When Epson’s PR asked if I want to review a printer, my natural instinct was to refuse. I mean, printers, geez, who cares right? But I indulged the PR person and took a look at the actual printer in question – the Epson ET-M1120/ET-M1100 – and saw that it’s an inkjet that only prints in monochrome, doesn’t have any extras like copying or scanning and claims to be cheaper to run than a laser. A few days later an EcoTank ET-M1120 arrived and here we are now, reviewing a printer. Continue reading

Getting a dock for your laptop is a great decision if you cart your machine between home and work often. Instead of taking the laptop out of your bag and fiddling around plugging in half a dozen cables for your keyboard, mouse, monitor, external hard drive, ethernet, speakers and who knows what else, you can simply hook up a single cord and everything’s ready to go.

So which one should you get? There’s bloody dozens of the bastards on the market! That’s where Reckoner comes in. For this article we’re gonna look at some Thunderbolt 3 docks that meet the following specs:

  • Thunderbolt 3
  • Can charge a 15″ MacBook Pro (85W)
  • 3840×2160 @ 60Hz DisplayPort output
  • Gigabit Ethernet port
  • 3.5mm audio output
  • At least 2x USB 3.0 Type-A ports
  • Available from an Australian retailer with warranty

The good news is that there are heaps that will meet those requirements. The bad news is that there’s heaps that will meet our requirements! Let’s quickly go over the ports available on each unit:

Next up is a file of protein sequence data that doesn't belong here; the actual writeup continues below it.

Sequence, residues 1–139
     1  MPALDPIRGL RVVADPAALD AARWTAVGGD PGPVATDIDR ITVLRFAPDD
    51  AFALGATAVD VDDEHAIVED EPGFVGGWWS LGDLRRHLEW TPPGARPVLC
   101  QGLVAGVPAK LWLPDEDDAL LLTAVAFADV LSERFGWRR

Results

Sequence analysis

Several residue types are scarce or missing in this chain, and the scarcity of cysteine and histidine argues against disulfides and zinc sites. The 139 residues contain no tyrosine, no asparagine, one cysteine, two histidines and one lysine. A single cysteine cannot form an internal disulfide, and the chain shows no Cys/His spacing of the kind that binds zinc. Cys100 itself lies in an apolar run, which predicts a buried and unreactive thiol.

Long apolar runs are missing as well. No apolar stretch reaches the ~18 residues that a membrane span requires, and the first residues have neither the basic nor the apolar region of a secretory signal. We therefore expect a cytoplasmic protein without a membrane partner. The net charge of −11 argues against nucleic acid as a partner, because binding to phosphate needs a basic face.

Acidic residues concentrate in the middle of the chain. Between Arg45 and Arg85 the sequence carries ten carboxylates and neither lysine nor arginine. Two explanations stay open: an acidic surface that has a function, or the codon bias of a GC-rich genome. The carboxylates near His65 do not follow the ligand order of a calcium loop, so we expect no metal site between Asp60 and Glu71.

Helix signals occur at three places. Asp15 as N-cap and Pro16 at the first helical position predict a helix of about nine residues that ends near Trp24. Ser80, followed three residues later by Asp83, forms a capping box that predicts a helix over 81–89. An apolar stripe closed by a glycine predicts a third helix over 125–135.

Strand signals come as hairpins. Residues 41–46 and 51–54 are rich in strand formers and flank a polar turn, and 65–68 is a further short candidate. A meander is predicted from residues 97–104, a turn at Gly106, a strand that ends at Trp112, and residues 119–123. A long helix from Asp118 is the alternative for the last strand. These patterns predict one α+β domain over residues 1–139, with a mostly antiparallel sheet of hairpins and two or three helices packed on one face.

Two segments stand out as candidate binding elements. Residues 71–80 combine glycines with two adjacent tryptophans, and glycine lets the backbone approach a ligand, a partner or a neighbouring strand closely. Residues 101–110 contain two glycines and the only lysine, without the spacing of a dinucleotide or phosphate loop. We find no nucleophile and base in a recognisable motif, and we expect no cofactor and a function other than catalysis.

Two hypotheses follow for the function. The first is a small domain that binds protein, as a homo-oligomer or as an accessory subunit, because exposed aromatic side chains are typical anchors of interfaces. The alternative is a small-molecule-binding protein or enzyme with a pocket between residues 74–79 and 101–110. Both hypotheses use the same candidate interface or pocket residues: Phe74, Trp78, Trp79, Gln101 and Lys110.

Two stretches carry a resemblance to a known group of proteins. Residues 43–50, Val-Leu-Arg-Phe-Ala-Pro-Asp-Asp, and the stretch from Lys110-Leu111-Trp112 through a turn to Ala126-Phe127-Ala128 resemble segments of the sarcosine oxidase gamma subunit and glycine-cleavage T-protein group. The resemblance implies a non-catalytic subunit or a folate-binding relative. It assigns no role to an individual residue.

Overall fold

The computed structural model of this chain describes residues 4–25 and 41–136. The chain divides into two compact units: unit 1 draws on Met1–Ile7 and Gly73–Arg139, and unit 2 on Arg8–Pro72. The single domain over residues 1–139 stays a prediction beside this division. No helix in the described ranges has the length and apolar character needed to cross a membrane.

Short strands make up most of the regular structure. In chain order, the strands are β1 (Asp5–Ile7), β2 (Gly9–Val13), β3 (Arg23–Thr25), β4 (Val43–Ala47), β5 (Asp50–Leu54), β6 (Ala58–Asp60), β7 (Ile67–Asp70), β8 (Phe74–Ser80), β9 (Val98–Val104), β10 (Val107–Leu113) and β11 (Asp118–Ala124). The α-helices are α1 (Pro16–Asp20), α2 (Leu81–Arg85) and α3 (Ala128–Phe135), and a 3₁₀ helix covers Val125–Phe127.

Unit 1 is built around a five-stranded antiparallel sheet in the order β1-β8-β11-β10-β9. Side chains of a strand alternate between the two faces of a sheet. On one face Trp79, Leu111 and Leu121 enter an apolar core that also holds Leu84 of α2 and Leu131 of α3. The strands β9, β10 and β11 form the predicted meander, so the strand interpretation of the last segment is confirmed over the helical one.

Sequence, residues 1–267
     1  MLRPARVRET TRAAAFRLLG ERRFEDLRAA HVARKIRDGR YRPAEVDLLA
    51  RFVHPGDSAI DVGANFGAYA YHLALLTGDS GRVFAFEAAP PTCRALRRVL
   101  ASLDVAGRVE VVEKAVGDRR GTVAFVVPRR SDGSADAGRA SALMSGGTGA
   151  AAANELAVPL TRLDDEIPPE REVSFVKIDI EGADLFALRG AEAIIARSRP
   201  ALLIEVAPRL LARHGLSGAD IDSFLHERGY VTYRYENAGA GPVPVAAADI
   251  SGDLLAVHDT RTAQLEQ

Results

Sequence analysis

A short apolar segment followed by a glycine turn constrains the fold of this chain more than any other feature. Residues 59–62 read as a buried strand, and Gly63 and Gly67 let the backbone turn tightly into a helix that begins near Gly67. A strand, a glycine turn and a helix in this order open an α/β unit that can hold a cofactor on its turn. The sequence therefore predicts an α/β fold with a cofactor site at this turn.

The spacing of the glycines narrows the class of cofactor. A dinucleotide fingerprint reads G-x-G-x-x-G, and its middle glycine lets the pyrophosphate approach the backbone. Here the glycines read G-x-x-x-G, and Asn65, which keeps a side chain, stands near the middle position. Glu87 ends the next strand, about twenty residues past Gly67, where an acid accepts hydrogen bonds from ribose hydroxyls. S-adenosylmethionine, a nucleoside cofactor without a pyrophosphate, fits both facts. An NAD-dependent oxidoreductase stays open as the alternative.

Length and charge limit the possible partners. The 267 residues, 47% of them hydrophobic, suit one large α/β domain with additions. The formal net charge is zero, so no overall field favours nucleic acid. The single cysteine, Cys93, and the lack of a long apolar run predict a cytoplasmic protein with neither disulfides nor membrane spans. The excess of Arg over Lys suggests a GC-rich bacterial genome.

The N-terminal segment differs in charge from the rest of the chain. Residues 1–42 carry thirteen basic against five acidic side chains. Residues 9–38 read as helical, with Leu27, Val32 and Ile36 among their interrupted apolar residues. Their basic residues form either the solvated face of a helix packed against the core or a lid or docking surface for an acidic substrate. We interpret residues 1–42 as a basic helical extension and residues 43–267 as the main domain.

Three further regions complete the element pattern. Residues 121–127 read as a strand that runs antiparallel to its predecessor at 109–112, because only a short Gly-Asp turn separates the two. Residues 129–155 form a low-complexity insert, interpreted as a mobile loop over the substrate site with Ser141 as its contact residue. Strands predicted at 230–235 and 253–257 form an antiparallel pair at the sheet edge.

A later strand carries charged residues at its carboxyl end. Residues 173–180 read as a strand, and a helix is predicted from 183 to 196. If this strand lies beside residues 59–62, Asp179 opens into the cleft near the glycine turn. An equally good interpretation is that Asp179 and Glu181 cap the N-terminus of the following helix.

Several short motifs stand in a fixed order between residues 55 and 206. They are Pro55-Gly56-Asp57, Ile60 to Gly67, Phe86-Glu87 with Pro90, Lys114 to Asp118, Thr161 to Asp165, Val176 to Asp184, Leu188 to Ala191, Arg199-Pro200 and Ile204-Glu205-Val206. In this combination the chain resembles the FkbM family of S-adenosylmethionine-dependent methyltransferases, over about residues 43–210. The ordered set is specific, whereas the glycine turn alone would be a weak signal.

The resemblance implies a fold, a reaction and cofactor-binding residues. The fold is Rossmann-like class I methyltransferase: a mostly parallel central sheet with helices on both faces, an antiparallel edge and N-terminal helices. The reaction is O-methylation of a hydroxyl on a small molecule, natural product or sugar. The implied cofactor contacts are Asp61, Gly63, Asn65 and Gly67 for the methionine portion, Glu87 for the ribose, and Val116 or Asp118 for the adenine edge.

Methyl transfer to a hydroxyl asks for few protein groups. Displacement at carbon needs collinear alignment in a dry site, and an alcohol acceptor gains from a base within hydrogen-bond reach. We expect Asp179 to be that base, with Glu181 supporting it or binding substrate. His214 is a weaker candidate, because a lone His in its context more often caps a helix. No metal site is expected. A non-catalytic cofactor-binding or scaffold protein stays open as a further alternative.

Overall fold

Lenovo Thinkpad Thunderbolt 3 Dock (40AC0135AU) – $329
Front: USB-A, USB-C & 3.5mm audio
Rear: 4x USB-A, Gigabit Ethernet, VGA, dual DisplayPort, HDMI
Notes: 135W charger, Kensington lock

https://www.youtube.com/watch?v=1iWmUEV0s1U

Aten UH7230 – $380
Front: USB-A & USB-C
Rear: Gigabit Ethernet, USB-A, 3.5mm audio in & out, 2x USB-C/Thunderbolt 3, DisplayPort
Notes: supports 5K graphics output via the USB-C port

Dell Thunderbolt Dock TB16-240W – $403
Front: 2x USB-A & 3.5mm combo audio
Rear: 2x USB 2.0, 1x USB 3.0, VGA, HDMI, Mini DP, DisplayPort, Gigabit Ethernet, 3.5mm audio out
Notes: includes a beefy 240W charger

Kensington SD5000T – $437
Front: 1x USB-A & 1x USB-C
Rear: Gigabit Ethernet, 1x USB-A, 3.5mm audio in & out, Kensington lock, Thunderbolt 3/USB-C, DisplayPort
Notes: you can hook up two monitors via the DisplayPort & USB-C/TB3 socket

Belkin Thunderbolt 3 Express Dock (F4U095au) – $445
Front: USB-A, 3.5mm combo audio
Rear: Gigabit Ethernet, 3.5mm audio out, 2x USB-A, Thunderbolt 3/USB-C, DisplayPort
Notes: includes 1m Thunderbolt 3 cable

Startech TB3DOCK2DPPD – $459
Front: SD card reader, USB-A, 3.5mm audio combo
Rear: 4x USB-A ports, Kensington lock, Gigabit Ethernet, USB-C, TB3/USB-C, DisplayPort
Notes: you can hook up two monitors via the DisplayPort & USB-C/TB3 socket

CalDigit TS3 Plus – $449
Front: SD card reader, 3.5mm audio in & out, USB-C & USB-A
Rear: Gigabit Ethernet, optical audio out, USB-C, 4x USB-A, DisplayPort, Thunderbolt 3/USB-C
Notes: includes 0.7m Thunderbolt 3 cable

HP Thunderbolt Dock 230W G2 (2UK38AA) – $315
Front/side: 3.5mm combo audio, USB-A, Kensington lock
Rear: 2x USB-A, USB-C DisplayPort, 2x Displayport, VGA, Gigabit Ethernet
Notes: may be slightly dodgy in regards to display mirroring or extending

https://www.youtube.com/watch?v=_gqCWNYaZrE

Elgato Thunderbolt 3 Dock – $419
Front: USB-A, 3.5mm audio in & out
Rear: Gigabit Ethernet, 2x USB-A, Thunderbolt 3/USB-C, Displayport
Notes: Elgato also has a “Pro Dock” with an SD card reader and extra USB-C ports for $499

OWC 14-port Thunderbolt 3 Dock – $500
Front: microSD & SD card slot, 3.5mm audio combo, USB-A, USB-C
Rear: 4x USB-A, optical audio output, Gigabit Ethernet, Thunderbolt 3/USB-C, MiniDP
Notes: includes a short 50cm Thunderbolt 3 cable

So, the million dollar (or $500) question – which one should ya get? Personally, I’d go for the CalDigit TS3 Plus. It’s got heaps of USB ports, an SD card slot and sits vertically on your desk, taking up less space. It also doesn’t look as weird next to an Apple machine like the Dell or Lenovo units. That said, if you don’t need anything fancy, the Lenovo Thinkpad Thunderbolt 3 Dock for $329 will get the job done.